Background. The facts found by the judge at the hearing on the motion to suppress, as amplified by uncontested evidence presented at the hearing and by the contents of the videotaped interview,1 are as follows. On September 22, 2012, at approximately 8:30 p.m. , two Taunton police officers went to the apartment where the juvenile lived with his guardian, Crystal Courtney,2 to execute a search warrant for

28 N.E.3d 1175

a firearm as part of an investigation into a shooting. After discovering a handgun and several glassine bags containing a substance that appeared to be heroin in the juvenile's bedroom, the officers arrested the juvenile and transported him to the police headquarters for questioning. The police advised Ms. Courtney that she could accompany the juvenile, who was sixteen years, ten months old at the time, to the station to act as an interested adult and brought her to the police station shortly after the juvenile's arrival.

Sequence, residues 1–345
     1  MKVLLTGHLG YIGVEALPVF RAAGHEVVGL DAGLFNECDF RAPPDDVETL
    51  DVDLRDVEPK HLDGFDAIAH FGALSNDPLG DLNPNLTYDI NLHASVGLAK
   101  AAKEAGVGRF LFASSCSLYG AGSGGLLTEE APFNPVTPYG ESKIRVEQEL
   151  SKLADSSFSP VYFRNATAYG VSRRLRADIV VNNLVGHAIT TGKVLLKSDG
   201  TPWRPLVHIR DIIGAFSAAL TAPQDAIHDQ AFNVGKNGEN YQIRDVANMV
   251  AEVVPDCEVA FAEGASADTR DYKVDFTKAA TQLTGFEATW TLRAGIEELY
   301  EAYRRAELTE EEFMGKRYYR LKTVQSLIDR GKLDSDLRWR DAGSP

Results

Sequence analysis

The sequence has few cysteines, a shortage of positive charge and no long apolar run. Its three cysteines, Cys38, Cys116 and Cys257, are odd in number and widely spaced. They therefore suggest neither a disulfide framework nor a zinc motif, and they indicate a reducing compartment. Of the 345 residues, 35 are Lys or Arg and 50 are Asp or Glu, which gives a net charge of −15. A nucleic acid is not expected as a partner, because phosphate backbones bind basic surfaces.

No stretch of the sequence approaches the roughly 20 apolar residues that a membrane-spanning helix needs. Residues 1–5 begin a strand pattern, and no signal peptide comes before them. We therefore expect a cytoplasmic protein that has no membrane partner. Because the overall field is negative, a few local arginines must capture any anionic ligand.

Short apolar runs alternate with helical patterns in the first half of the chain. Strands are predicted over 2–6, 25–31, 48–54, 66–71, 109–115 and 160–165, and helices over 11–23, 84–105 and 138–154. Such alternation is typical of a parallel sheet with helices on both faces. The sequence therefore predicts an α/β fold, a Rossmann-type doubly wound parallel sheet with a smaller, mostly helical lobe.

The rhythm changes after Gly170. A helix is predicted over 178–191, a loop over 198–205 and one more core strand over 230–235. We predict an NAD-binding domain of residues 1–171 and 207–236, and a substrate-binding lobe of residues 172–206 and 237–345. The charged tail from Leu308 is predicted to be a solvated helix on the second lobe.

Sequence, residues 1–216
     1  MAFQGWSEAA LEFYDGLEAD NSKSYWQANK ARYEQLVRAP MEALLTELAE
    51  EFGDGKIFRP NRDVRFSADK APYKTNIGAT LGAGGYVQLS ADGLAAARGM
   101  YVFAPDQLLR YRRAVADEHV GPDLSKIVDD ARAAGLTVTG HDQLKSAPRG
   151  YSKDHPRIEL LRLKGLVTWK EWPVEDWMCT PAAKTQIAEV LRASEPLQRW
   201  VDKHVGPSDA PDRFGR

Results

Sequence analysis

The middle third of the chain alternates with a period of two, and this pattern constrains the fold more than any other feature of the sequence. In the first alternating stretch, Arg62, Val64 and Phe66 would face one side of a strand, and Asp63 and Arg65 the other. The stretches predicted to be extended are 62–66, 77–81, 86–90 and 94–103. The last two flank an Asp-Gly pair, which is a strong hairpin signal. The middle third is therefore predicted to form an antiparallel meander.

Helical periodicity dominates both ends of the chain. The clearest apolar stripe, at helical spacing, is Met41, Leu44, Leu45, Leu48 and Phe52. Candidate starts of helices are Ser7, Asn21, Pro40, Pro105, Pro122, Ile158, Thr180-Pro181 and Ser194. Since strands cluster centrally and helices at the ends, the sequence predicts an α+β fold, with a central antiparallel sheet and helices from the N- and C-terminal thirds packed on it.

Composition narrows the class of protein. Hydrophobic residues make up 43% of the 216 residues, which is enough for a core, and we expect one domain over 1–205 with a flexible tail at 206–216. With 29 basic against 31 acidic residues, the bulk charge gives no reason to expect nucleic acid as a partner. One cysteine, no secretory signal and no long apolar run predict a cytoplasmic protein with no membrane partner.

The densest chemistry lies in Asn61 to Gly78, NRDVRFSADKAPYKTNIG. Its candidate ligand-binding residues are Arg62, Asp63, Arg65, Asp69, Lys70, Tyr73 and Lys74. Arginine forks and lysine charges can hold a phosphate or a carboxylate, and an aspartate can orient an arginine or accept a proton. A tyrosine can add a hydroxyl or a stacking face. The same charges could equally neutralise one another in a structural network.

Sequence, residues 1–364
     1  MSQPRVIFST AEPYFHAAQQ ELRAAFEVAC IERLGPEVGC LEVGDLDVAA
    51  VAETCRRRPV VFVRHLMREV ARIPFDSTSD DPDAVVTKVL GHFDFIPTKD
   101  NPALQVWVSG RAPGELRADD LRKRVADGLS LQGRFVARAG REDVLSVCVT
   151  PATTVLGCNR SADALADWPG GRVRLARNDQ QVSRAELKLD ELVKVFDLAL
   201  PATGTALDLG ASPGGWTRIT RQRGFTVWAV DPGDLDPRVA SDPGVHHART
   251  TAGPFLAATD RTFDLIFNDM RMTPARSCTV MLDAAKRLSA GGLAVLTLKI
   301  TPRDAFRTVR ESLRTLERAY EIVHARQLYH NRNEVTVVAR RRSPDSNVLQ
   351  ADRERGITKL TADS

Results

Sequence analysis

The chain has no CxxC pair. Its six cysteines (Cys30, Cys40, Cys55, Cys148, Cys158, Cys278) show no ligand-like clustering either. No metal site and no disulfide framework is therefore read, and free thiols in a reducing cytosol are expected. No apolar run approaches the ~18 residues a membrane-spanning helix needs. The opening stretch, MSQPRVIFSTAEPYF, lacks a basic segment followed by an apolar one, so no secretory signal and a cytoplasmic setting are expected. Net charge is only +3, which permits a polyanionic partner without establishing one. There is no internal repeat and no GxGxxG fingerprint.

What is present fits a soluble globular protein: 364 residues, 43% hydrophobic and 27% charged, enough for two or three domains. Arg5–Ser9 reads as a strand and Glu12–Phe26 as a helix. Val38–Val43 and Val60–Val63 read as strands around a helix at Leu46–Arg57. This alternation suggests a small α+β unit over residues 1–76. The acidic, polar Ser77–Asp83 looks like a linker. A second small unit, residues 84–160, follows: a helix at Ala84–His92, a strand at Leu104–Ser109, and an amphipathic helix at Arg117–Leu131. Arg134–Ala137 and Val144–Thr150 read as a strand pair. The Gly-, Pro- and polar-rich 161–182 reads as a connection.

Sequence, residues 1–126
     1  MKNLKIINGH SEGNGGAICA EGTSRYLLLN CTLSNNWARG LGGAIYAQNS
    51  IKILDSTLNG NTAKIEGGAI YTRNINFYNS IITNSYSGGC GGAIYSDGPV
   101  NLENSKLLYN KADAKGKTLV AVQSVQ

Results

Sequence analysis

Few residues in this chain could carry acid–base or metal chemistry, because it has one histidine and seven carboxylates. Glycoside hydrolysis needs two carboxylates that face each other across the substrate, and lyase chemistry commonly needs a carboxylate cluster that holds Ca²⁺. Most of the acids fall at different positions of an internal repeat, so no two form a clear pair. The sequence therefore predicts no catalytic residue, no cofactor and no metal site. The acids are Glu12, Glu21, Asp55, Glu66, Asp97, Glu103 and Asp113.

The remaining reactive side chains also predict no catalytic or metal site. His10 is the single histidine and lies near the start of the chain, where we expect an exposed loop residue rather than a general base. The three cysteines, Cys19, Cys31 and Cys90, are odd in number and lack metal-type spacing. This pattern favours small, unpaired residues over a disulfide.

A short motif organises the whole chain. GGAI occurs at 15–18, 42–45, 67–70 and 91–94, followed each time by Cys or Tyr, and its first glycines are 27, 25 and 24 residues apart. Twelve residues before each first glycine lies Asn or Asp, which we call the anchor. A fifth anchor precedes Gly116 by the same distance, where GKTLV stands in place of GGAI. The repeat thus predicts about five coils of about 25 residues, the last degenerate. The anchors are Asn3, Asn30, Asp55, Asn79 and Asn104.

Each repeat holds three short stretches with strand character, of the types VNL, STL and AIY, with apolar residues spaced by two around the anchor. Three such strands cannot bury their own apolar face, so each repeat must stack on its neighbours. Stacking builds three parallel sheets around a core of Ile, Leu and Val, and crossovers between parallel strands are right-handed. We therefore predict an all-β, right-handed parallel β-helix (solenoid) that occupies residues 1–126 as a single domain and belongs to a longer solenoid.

At approximately 11:06 p.m. , Detective Lynne Pina commenced a videorecorded interrogation of the juvenile in a small interview room at the station, assisted by Brian Dunham, another officer from the department. Pina gave the juvenile and Ms. Courtney a notification of rights form, read them the Miranda rights from the form, and gave them an opportunity to read it themselves. Neither Pina nor Dunham left the room. Without requesting an opportunity to speak to each other in private, the juvenile and his guardian signed the rights form.

Pina began the interview by questioning the juvenile about the night of the shooting. He initially denied any involvement. At approximately 11:31 p.m. , another officer interrupted the interrogation